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Goon
07-26-2005, 07:41 PM
For harry potter they used this crazy little cloak which acted as a greenscreen, and was illuminated by green led's so that the camera saw very few shadows.
And then for Sin City they used glow in the dark gaffers tape for bandages to pop the bandages out for easier manipulation.

So what I'm wondering is if this could be taken a step further, and simply use a seperate spectrum to isolate objects. Say spray on an invisible fixative which turns a normal wall into a uniform shade that can essentially be used as an automatic alpha channel.

Are there any production level cameras that record both visible and non-visible spectrums? Has this ever been used or is anyone working on it? Would this even be in any way practical?

Simon
07-27-2005, 12:31 PM
I seriously think you might be on to something here. I'm sure there are some big issues to overcome, but its feasible.

I'll ask around and see if anyone has tried it.

ChrisThatGuy
07-27-2005, 01:36 PM
I don't know if it can be done, although I thought of something similar a while back. The problems that I saw with it were:

If you're not using visible light, you could use UV or IR. Both can be recorded by cameras, so the technology to see them exists. But if you use UV, you have to light your actors with UV, which will give them sunburn, considering how many lights are used in filming, and if you go further down that end of the spectrum, you get higher energy radiation.

And if you go to IR, it's safe, but you'd have to prep a lot more than just the backdrop, because a lot of things reflect near-IR light to varying degrees. Your actors won't show up as either black or white, but in varying shades just like in the visible spectrum, but in shades that your prop/makeup people wont be able to easily predict, and may end up being the same shade as the backdrop. And if you go further into the far-IR spectrum, you start to see body heat, and it blurs. So you'd have to be able to coat your actors with something that's clear in the regular spectrum, but doesn't reflect any near-IR light, which I don't know if it exists, and might end up being very toxic.

However, maybe someone could set it up so that the actors are being lit by spotlights that emit little or no near-IR light (if that's even possible), and the backdrop is lit by regular lights. You would need to somehow find a filter that cuts near-IR without cutting visible light (too much), but as far as I know, most IR filters still let a lot of it through. If someone could make an efficient filter, they could probably do this.

Thoughts?

lokki
07-27-2005, 06:26 PM
interesting idea... as mentioned, UV becomes a burn/cancer hazard, and IR is very close to the visible spectrum. However, there are notch filters that can pass or block very specific frequencies. What you'd be looking at then is a prism that splits the video signal in two - one for visible, and one for IR to use as a mask.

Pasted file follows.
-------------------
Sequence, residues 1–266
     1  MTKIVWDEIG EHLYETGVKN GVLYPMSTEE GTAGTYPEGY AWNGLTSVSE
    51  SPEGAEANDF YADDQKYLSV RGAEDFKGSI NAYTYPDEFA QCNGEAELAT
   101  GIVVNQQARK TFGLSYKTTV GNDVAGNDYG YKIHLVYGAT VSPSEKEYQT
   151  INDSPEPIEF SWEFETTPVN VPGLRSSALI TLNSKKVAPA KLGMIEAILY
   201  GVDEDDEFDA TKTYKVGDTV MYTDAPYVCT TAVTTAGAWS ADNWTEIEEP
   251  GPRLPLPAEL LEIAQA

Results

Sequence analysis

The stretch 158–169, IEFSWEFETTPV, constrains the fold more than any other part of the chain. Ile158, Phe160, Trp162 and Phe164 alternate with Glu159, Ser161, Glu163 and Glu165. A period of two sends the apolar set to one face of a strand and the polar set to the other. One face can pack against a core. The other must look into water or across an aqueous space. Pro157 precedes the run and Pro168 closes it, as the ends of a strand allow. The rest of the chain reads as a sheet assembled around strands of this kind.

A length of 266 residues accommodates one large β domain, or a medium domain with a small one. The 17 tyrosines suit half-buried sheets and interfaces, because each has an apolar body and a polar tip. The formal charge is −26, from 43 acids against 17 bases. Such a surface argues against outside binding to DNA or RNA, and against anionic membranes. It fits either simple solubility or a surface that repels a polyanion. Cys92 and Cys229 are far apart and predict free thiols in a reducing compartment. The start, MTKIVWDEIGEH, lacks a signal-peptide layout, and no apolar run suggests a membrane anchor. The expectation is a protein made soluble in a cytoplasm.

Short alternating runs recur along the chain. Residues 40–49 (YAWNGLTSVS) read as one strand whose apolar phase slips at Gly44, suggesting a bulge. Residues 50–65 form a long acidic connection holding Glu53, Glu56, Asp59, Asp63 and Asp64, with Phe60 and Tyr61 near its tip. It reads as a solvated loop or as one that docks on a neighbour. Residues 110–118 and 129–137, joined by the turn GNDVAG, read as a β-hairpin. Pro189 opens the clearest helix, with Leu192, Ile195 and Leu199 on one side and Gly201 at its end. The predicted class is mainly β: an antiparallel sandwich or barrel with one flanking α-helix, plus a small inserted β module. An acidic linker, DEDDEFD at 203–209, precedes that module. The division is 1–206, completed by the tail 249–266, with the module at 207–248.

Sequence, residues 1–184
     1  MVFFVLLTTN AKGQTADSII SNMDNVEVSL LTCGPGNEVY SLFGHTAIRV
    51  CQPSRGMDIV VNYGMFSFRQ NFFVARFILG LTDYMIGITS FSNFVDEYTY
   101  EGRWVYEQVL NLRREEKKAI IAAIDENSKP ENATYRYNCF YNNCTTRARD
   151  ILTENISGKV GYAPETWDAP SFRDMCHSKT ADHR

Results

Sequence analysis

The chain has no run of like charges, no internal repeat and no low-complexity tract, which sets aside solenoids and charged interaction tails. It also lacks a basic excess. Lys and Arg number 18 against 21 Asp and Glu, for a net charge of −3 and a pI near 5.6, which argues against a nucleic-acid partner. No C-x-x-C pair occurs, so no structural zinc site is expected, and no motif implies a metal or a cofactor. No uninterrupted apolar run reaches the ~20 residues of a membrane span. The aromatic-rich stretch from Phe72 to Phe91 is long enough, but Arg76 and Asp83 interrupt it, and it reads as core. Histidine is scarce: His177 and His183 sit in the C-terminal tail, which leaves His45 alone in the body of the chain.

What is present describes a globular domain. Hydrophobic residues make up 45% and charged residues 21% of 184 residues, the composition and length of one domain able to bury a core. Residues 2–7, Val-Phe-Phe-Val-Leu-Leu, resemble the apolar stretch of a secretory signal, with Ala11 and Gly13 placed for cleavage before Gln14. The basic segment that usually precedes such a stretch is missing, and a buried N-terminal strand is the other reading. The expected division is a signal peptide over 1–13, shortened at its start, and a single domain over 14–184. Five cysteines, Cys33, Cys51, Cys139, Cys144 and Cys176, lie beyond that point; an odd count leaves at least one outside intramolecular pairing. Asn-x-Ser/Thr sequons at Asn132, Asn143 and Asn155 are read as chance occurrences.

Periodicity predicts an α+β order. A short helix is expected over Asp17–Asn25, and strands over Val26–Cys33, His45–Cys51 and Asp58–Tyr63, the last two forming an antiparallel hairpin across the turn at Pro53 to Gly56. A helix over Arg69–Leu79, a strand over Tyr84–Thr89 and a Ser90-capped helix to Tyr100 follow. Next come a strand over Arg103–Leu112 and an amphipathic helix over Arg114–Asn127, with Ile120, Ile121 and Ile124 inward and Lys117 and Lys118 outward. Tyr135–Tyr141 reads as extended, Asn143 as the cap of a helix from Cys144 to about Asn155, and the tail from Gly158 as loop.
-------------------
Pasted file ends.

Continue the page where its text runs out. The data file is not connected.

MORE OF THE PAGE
Green is commonly used because it's easy to see (human eyes are sensitive to it), easy to 'notch' filter, and can be masked pretty thoroughly. Current digital technology also uses twice the number of green pixels over red or blue (when using a Bayer mask). Anyway, current software is built to look for greens in a particular range when working with masks and screens.

I'm not sure, though, why you'd want to go through the trouble of applying a coating or other treatment to ordinary materials unless you could more cheaply and easily do the work. One possible advantage, though, would be partial masking, like spraying dots of mask on a moving object (say a cloak with lots of holes...?).

On a side note, digital cameras are automatically sensitive to IR, so much so that they typically come with an IR filter in front of the sensor. There are a handful of mods that can be done to remove the filter, but it's a hack process. UV requires more work to record and process.

Goon
07-27-2005, 06:36 PM
Good points chris.

I'm afraid that I have difficulty thinking in terms of the non-visible. I don't see it, so while I know that its fairly similar, I just assume that its blank.

Its quite possible that this might not be the way to go, for the reasons you just mentioned. Plus, since you can't see any of this without special equipment, it'd be a little hard to work with.

Maybe some sort of special material/coat that returns an unnatural, specifically manufactured color, which the camera automatically interprets as an alpha would be more feasible. Say something that only returned specific, narrow portions of the spectrum.

Lokki: I was thinking that having to have a green screen studio is a bit cumbersome. Being able to easily mask out anything could be a huge advantage in terms of flexibility. Plus, if this was done in something other than what we can see, the original image would be preserved as well. So, say you wanted to modify a background in post, but didn't want to have to matte it out by hand, or green screen the actor in, viola, just turn the bg into a matted object.

novadude
07-27-2005, 06:41 PM
Maybe some sort of special material/coat that returns an unnatural, specifically manufactured color, which the camera automatically interprets as an alpha would be more feasible. Say something that only returned specific, narrow portions of the spectrum.

Wouldn't it be more cost effective to just use a bright green?

Goon
07-27-2005, 06:56 PM
No!
Why, you ask?
Because.

Mainly because I'm attracted to the idea of not having key out a color. An automatic, or easily usable alpha channel seems quite attractive. I don't know crap about compositing, so this thread is just the musings of an ignorant man.

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